Inside Rioja Visits the Navarra Vinofest


Navarra holds a special place in my heart. It’s one of Spain’s most beautiful regions, from the rolling green hills of the pre-Pyrenees in the north to valleys carved by rushing rivers and dotted with picturesque villages and the muted green and ochre landscape on the banks of the Ebro river.

My love for the place is enhanced by the magic of the “fiesta” of San Fermín in Pamplona from July 6 through the 14th that I first experienced in 1971 and have been returning to almost every year.

No one can say they’ve experienced Navarra without tasting the wines produced there. For many years Navarra wines lived in the shadow of their southerly neighbor Rioja and sales stagnated. The Navarrese took a bold step a few years ago by approving the use of several international grape varieties – cabernet sauvignon, merlot, pinot noir and syrah for reds and chardonnay, muscatel and sauvignon blanc for whites to differentiate themselves from Rioja. Another smart move was to keep the old vine garnacha that grew in the Ebro valley while Rioja pulled theirs up to plant more tempranillo.

Several weeks ago, the DO Navarra organized a wine festival in Pamplona to highlight the wines from 29 producers. It was a great chance to see what Navarra was up to wine-wise.

It would have been impossible to taste everything so I concentrated on whites made from “international” varietals and garnacha-based reds (plus a few others that caught my eye – or should I say, nose).

These are the wines I enjoyed most:

Bodega Inurrieta

For me, the clear winner of the day.

  • Inurrieta Orchidea sauvignon blanc 2017
  • Inurrieta Mimao garnacha 2016
  • Altos de Inurrieta reserve 2013


Finca Albret

  • Albret La Viña de Mi Madre 2013

Bodegas La Casa de Lúculo

  • Lúculo Origen crianza 2016

Bodegas Lezaun

  • Lezaun tempranillo 2107 (carbonic maceration)

Bodegas Ochoa

MDO Moscato frizzante (a slightly sparkling moscato – a category that’s taking Spain by storm!)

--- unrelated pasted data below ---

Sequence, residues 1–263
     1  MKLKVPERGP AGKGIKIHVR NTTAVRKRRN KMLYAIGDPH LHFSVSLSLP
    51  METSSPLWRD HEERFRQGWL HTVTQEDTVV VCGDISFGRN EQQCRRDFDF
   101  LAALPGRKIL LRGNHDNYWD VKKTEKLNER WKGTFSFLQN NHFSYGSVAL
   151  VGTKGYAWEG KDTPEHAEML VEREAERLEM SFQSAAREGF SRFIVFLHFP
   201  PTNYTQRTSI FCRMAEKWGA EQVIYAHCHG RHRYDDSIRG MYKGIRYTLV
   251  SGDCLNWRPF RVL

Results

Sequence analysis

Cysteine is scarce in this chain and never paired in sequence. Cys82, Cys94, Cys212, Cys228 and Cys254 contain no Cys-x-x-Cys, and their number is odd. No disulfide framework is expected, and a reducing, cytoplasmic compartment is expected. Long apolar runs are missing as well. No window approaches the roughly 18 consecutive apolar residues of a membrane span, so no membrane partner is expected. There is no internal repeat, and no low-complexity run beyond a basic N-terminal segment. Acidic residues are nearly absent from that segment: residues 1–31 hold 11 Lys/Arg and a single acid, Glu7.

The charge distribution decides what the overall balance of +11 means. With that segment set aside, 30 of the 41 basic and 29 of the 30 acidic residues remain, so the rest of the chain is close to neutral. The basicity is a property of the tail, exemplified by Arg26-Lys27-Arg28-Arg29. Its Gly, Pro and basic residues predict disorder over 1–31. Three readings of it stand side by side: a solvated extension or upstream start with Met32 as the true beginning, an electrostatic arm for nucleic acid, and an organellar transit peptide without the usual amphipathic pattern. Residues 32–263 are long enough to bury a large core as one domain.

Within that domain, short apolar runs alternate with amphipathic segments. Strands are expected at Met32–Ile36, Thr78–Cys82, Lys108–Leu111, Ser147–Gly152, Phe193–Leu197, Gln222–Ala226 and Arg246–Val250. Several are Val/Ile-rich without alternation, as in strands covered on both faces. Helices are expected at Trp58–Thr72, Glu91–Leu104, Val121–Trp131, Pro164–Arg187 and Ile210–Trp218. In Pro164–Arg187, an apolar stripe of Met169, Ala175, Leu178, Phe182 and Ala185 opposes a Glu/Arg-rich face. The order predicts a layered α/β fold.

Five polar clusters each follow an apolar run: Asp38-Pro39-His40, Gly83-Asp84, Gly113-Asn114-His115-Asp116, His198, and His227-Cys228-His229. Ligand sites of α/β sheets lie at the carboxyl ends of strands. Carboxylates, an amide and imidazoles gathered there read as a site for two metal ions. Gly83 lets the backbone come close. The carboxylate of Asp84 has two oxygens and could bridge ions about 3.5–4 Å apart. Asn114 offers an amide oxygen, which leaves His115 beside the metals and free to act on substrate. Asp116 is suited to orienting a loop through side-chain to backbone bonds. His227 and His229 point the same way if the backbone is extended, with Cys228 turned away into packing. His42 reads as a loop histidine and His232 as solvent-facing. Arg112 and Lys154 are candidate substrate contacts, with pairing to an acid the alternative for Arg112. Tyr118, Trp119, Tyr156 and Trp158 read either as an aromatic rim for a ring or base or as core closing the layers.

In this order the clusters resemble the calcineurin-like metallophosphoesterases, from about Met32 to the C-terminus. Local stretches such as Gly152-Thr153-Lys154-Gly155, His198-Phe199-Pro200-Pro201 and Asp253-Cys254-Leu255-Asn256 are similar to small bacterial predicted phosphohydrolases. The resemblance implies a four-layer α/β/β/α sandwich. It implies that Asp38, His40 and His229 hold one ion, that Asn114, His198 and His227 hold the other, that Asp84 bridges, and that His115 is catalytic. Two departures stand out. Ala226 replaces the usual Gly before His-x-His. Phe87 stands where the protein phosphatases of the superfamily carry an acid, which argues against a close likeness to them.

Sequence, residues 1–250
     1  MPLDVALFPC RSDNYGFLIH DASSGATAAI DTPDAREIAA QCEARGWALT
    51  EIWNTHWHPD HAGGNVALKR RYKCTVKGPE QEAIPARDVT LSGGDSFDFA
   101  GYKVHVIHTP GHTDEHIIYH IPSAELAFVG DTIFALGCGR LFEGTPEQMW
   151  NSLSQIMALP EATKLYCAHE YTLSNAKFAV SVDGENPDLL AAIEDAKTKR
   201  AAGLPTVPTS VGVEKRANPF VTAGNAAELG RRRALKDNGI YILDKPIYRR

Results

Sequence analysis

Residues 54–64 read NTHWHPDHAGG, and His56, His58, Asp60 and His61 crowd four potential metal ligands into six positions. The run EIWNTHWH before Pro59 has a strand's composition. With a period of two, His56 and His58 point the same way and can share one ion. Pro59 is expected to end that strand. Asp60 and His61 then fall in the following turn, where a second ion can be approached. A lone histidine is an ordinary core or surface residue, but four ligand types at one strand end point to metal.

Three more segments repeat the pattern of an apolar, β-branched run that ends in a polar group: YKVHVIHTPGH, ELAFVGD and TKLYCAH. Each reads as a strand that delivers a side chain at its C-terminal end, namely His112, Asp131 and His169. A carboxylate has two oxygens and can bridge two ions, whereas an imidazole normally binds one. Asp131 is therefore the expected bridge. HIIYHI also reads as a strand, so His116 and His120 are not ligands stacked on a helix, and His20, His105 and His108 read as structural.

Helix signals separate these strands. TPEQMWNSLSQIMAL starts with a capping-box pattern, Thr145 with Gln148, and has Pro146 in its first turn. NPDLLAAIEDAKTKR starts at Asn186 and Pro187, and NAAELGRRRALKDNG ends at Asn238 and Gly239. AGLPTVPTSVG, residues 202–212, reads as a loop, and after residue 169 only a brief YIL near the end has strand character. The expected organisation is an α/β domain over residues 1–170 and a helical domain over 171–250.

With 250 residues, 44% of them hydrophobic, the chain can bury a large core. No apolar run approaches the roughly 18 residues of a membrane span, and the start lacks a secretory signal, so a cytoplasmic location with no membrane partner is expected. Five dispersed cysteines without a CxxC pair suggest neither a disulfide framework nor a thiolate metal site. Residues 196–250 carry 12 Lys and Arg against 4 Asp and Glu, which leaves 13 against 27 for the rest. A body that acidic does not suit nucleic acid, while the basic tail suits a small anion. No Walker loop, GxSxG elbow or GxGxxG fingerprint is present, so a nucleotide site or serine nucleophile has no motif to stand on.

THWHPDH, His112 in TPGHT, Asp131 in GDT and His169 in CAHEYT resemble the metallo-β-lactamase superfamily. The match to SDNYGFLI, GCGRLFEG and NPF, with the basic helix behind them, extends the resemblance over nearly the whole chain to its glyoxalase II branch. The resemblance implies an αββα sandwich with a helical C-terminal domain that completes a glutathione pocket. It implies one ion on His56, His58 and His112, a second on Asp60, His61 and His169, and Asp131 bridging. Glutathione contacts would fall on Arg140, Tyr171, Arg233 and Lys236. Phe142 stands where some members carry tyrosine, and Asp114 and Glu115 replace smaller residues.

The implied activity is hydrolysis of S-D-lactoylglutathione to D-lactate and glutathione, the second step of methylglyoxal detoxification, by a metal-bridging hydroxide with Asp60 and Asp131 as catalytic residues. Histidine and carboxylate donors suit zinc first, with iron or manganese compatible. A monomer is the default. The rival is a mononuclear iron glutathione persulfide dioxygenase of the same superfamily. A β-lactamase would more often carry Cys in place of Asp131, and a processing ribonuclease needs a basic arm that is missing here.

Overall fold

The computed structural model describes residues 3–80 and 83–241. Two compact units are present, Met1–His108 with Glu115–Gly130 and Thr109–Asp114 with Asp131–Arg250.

Bodegas San Martín

  • Señorío de Unx garnacha blanca 2017


  • Inmune tinto 2017


Bodegas Castillo de Monjardín

  • Castillo Monjardín chardonnay 2017
  • Castillo Monjardín chardonnay reserva 2015

Bodegas Máximo Abete

  • Guerinda La Abejera tinto madera 2014

Bodegas Nekeas

  • El Chaparral tinto 2016

Bodegas Pagos de Aráiz

  • Pagos de Aráiz roble 2015

After the tasting we had a pintxo at the Café Roch (Pamplona’s oldest bar), lunch around the corner at Catachu and a gin & tonic (the best ones in town!) at the Bar Baviera. We slept on the bus back to Logroño. It was a perfect day!

I urge you to take a look around your favorite wine shop or check out Wine Searcher for wines from Navarra. They deserve wider recognition.






The Know-It-All

Most of the time I enjoy being in the wine business, but sometimes I think it’s a curse. Last week my wife and I were invited to a friend’s birthday lunch.  There were several people present whom we didn’t know and when the host asked me to choose the wine, the inevitable happened.  As soon as one of the other guests, whom I didn’t know, found out I was in the wine business he immediately tried to impress me with his encyclopedic knowledge of the subject.

Wine is an interesting topic (at least I think it is) so I suppose I should be flattered when someone wants to talk about it in a country where wine consumption is at an all time low.  But I usually get upset because the first comments I inevitably hear are:

  • “The best wine in Spain is from my village.”
  • “Most Rioja wine comes from other parts of Spain, especially from La Mancha.”

If the conversation stays on the first topic I consider it a victory, because it leads into a discussion about other great things about village life – long walks down dusty roads, card games after lunch, this year’s crop and the local festival.

But if the person insists on debating the second point, the conversation can take an ugly turn because even though it’s easy to refute the argument, we’ve entered into the realm of Spanish obstinacy.  Arguments (called discusiones in Spanish) are usually two or more people talking at the same time, each expounding their own ideas which they defend vigorously, while at the same time ignoring what the other people are saying. 

The Spanish have an expression to describe it:  diálogo de besugos.  Literally, a conversation between two sea breams (a popular type of fish).  Imagine looking at fish in a tank – they open and close their mouths but no sound comes out. It’s people talking at rather than to each other.

What do I say when people say that most Rioja wine comes from other parts of Spain?  The non-Spanish approach would be to argue the point:

  • it’s almost impossible because the control and inspection procedures in Rioja are so strict, and if you get caught, the fine is likely to bankrupt you (there have been instances of this);
  • given the current oversupply of wine, prices are low and it doesn’t make economic sense.

But when in Spain, you have to take the Spanish approach.  Arguments are a part of daily life here and people consider them a sport.  If you don’t know how to talk (or argue) about football or politics you’ll be bored stiff. You smile (very important) and say, “Bah, qué ridículo.  No tienes ni puta idea.” (“That’s ridiculous.  You don’t have a f***ing clue.”) Then you order another round of drinks. It works every time.